The Duke(5)

By: Kerrigan Byrne

The major said nothing, though his knuckles turned white with strain.

“That’s right, Thompson,” another soldier heckled. “Marquess Ravencroft, the Demon Highlander, himself, is Hamish’s younger brother.”

“Younger brother?” Thompson lifted his eyebrows in surprise. “That would mean you’re—”

“A bastard,” Hamish finished darkly. “Want to find out just how much of a bastard I can be?”

“Enough,” Trenwyth clipped quietly, the command effectively ending all conversation. “Scotch for the table, and a gin for my friend the major.”

Hamish threw a grateful, if brooding, glance at Trenwyth from beneath his dark brows. The tension dissipated as Imogen was forgotten by the surly, middle-aged Hamish Mackenzie.

“We can only afford the younger Scotch, mind you, but it’s yours for the taking, as is anything else my establishment can offer you.” Del Toro gestured at the women posing across the bar with far more practiced and inviting smiles than hers aimed at the men.

“Excellent.” Trenwyth’s brusque way of speaking appealed to Imogen, though she couldn’t say why. “It seems the lads are eager for companionship.”

Murmurs of enthusiastic agreement passed around the table as the famous “kittens” of Lower St. James’s Street wound their way to the table with audible purrs. To Imogen’s surprise, Heather gave Major Mackenzie a wide berth and look of reluctance, choosing to lean across a young man on the opposite side of the table. Imogen couldn’t think of a time she’d truly seen the bawdy woman afraid before. Major Mackenzie had spoken of the place as though he’d been here often, though Imogen couldn’t say she recognized him. Perhaps Heather did. Perhaps she’d even had a negative experience with him. Imogen’s own intuition jangled uncomfortably in his presence, alerting her that he was a man capable of the most terrible things.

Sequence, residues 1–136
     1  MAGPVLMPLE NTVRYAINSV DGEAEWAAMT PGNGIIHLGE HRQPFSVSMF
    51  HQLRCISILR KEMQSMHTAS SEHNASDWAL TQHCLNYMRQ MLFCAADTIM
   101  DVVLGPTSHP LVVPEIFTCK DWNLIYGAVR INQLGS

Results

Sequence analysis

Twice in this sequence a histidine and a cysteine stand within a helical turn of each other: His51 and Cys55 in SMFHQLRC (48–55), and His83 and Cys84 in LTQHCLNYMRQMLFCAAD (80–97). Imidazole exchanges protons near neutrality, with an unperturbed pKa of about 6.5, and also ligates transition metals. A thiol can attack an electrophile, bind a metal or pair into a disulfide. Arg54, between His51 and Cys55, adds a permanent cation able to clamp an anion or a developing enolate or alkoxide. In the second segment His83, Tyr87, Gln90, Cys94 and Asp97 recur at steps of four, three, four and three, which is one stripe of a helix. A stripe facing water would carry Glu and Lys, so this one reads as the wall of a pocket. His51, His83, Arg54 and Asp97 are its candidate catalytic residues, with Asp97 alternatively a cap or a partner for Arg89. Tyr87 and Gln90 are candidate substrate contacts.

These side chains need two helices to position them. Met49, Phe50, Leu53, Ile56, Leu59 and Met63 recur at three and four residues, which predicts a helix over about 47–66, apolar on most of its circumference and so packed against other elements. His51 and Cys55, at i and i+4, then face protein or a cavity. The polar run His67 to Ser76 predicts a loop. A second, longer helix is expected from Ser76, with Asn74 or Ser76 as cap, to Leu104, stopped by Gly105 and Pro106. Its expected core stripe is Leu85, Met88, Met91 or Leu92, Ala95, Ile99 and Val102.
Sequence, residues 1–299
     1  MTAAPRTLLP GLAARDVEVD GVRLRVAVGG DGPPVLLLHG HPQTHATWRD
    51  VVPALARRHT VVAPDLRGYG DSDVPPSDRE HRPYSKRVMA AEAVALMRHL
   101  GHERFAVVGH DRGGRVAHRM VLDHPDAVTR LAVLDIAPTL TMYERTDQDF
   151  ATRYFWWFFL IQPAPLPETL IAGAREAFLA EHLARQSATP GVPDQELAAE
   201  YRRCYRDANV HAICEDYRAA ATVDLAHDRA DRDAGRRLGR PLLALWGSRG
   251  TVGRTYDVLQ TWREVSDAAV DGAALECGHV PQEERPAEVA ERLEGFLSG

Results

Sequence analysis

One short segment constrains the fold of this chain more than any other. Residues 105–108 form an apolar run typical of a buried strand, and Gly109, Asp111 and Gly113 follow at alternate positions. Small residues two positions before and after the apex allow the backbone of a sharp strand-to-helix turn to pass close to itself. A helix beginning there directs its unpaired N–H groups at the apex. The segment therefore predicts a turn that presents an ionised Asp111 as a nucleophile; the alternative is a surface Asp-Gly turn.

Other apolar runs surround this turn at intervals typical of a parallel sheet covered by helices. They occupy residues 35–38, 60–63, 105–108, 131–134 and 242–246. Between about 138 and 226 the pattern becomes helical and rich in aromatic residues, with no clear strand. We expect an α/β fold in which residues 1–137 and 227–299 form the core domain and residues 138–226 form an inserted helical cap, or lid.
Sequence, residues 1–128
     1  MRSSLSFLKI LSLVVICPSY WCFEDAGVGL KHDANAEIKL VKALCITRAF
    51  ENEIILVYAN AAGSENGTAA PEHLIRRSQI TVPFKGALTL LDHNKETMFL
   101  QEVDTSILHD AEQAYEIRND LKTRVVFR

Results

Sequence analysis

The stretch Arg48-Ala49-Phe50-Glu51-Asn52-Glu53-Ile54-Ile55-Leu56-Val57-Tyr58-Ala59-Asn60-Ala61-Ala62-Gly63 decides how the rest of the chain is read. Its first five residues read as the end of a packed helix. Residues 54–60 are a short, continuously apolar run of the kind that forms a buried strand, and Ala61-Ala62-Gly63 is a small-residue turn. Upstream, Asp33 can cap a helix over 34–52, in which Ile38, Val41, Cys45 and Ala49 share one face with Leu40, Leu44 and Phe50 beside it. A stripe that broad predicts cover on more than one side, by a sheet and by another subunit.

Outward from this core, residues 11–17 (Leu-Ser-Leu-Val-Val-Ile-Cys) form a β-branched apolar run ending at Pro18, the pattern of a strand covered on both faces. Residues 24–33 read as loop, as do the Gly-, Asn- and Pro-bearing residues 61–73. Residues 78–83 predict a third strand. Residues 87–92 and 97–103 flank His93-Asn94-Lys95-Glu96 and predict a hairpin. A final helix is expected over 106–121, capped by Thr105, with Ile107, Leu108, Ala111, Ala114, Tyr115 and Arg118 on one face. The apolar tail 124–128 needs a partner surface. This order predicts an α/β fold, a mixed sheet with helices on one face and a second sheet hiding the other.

And yet, so was Trenwyth, of that she was certain.

“You heard him, Ginny,” del Toro said tightly, breaking into her thoughts. “Fetch the drinks.”

Imogen nodded, eager to comply, but remained trapped by the iron grip of Trenwyth’s arm about her waist.

“She stays where she is.” Trenwyth’s statement, delivered pleasantly enough, brooked no argument. Though his accent was that of the noblest of men, a cold note of steel threaded through the highborn gentility. He was a man who needn’t raise his voice to be obeyed. “She serves no one but me tonight.”

Imogen could feel her eyes widen and her lips compress in alarm as Trenwyth tugged the serving tray out of her talonlike grasp and idly handed it to del Toro.

“As you wish, Your Grace.” Her employer bowed over his large belly and snapped his fingers at the staff. He turned away without giving Imogen a second look.

She hadn’t been aware of her trembling until Trenwyth leaned forward, pressing his lips very close to her ear.

“Ginny.” The word rumbled all the way down her spine and skittered along her skin until every hair rose to vibrating attention. “That is your name?”

“Yes, Your Grace.” She whispered the lie. It was her “kitten” name. It was who she became at night in this dim, overwrought, and garish place frequented by poor bohemians, soldiers, and wealthy merchants alike. But rarely nobility. His sort had places like Madame Regina’s and other such pleasure palaces that certainly didn’t reek of absinthe and stale tobacco.

“Don’t let’s use formalities, Ginny.” He exhaled against her ear again, and she had to bite down on her lip against the strange and shivery sensations he’d elicited. “Don’t call me Your Grace again tonight, everyone else has agreed not to.”

She lowered her chin in what was supposed to be a nod. “What should I call you then?” she queried, instinctively turning her head toward him, not realizing how close it brought their lips to one another’s until they almost met.

“Those closest to me call me Cole,” he informed her mouth.

“But … I am not close to you.”

Tightening his arm around her once more, he grasped her hip with his other hand, and pulled her up his startlingly long and muscled thigh with a slow, languid move, until she straddled him as high as his leg would allow. Even through her skirts and petticoats, the movement created an unfamiliar friction against her sex that elicited an alarming but not unpleasant pressure. He didn’t stop until the curve of her bottom settled against his lap. She was aware of a surprisingly insistent cylindrical shape pressed against her. She’d worked at the Bare Kitten long enough to know exactly what it was.